As a keen cyclist, last September I came to the  Vaucluse department of north-west Provence  with a plan to tackle Mont Ventoux, among  the toughest climbs of the Tour de France.  Then I arrived at my hotel, Crillon le Brave,  and found its tranquil beauty fostered a sense  of ease in me that was at odds with going  hell-for-leather up the side of a mountain.  The hotel crowns a village of the same name, the  honey-coloured buildings of which drip down the hillside  into a sea of Provençal green, a verdant landscape of  vineyards and olive groves. While some hotels can corrupt  their natural setting, that’s not the case here – Crillon  blends perfectly into the scenery because it is made up of  what were once villagers’ homes, most of which were built  in the 17th and 18th centuries.


  Although the village, which  dates back to Roman times,  thrived through the ages,  a malaise had set in by the  start of the 20th century.  Inhabitants had deserted it, a  situation compounded by two  wars and a lack of direct water  supply. Yet its beauty meant  it wasn’t to be forgotten; in  the 1970s, new owners began  to resurrect the houses, and  by the late eighties the first of  several buildings was acquired  for transformation into a  luxury hotel.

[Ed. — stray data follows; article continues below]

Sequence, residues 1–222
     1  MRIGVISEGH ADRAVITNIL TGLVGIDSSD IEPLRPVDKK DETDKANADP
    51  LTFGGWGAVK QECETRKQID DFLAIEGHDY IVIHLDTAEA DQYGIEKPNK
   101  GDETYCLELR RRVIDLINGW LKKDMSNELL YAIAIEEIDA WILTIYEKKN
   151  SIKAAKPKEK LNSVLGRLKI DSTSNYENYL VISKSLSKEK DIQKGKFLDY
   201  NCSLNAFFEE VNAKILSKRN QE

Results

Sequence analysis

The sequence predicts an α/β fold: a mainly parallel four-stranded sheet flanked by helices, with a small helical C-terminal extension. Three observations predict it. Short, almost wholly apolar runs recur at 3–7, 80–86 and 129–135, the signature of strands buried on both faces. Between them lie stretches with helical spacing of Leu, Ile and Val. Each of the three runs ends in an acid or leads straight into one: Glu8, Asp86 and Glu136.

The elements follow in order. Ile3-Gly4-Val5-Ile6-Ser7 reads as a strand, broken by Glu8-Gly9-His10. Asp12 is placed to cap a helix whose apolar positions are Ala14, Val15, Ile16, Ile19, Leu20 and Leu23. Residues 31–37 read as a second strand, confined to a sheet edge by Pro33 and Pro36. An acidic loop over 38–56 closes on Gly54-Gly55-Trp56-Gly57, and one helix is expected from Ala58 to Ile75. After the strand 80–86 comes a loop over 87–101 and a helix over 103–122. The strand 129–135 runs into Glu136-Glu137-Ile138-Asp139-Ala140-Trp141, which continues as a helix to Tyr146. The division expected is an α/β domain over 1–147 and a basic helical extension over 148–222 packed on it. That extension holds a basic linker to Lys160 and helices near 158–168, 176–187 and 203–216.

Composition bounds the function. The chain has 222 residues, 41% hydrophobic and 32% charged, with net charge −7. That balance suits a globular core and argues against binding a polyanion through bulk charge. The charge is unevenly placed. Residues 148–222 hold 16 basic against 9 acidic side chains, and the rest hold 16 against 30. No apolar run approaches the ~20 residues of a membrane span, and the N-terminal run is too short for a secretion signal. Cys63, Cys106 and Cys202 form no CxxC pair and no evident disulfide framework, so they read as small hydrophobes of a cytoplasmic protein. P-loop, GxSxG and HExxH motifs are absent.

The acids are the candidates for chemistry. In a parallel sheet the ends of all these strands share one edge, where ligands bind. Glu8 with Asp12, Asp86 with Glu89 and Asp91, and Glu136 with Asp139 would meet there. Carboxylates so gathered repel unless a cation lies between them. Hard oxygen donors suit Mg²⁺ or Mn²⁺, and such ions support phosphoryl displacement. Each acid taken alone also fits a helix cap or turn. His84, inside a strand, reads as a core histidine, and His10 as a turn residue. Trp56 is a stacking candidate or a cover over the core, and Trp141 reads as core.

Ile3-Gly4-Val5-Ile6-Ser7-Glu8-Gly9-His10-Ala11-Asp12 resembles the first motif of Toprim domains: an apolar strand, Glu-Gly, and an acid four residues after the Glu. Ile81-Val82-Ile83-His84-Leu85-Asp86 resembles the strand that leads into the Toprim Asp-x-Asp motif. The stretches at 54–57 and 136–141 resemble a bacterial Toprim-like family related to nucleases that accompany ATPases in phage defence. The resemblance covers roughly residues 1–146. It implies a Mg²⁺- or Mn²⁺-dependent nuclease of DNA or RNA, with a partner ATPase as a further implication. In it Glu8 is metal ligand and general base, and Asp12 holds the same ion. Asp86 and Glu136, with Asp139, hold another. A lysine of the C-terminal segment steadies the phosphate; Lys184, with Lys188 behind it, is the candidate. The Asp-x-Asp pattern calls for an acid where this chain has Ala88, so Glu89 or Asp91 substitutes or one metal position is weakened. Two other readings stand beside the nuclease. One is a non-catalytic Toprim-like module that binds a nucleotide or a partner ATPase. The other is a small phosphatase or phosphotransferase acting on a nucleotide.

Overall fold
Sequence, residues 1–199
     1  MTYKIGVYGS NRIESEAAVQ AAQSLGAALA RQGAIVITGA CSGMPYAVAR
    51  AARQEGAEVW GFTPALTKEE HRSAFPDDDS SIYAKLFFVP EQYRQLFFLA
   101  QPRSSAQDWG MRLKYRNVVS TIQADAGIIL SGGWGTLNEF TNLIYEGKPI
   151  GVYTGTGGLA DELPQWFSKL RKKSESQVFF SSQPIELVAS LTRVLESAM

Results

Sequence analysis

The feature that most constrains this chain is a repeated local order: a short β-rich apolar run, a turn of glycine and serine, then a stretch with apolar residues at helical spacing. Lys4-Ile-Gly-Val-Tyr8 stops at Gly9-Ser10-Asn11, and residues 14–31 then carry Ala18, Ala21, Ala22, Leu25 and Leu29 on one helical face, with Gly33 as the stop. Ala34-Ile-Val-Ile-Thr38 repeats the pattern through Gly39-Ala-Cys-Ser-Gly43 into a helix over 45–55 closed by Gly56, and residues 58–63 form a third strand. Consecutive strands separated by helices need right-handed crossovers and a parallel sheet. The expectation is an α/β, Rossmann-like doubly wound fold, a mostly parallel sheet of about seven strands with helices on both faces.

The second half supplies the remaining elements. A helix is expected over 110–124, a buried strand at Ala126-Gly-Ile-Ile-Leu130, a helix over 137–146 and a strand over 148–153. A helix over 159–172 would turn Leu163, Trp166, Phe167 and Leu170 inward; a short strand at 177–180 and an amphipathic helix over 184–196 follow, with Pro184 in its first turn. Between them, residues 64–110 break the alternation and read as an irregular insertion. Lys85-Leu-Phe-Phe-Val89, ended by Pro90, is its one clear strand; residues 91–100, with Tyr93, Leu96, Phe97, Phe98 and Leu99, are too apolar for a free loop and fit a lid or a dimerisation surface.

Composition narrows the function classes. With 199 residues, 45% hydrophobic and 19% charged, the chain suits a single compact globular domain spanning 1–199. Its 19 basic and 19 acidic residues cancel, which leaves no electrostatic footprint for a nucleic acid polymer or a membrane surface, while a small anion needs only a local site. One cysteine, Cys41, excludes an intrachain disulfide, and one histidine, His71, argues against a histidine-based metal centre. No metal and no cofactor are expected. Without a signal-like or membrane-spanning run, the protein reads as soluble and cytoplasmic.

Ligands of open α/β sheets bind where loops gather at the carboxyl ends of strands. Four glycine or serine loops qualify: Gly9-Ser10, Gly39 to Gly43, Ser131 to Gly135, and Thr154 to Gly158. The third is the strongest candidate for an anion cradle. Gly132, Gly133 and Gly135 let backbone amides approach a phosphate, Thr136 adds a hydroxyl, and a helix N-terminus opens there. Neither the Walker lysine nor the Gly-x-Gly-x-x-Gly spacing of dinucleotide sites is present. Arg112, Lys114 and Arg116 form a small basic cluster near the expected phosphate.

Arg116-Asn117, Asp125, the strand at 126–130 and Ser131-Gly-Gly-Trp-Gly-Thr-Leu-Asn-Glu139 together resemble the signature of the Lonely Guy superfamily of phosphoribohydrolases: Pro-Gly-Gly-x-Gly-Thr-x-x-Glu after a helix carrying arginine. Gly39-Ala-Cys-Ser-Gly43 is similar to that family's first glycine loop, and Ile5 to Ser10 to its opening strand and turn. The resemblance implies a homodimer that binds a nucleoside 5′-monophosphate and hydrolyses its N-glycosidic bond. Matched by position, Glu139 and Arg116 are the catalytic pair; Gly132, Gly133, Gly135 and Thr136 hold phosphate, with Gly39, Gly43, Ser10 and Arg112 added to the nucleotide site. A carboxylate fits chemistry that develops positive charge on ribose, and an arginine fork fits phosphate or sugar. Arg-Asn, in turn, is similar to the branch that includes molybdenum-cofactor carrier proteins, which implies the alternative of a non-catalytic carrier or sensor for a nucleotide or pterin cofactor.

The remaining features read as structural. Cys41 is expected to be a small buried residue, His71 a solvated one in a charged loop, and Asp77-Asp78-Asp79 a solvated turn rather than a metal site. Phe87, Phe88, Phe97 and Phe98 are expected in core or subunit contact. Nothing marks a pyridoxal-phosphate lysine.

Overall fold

As such, its grounds aren’t  like that of your average hotel – it’s a labyrinthine series of  sun-baked cobbled roads, tumbling stone staircases and  shady tunnels. In spring 2017, the property was taken on by  Patrick Pariente as part of real estate firm Bertie Albrecht  Company. Together with his daughters, Leslie Kouhana  and Kimberley Pariente, he has focused on retaining its  original features while upgrading the interiors and facilities  (and the hotel was refurbished over winter 2018-19 after  my stay, reopening for the season next month).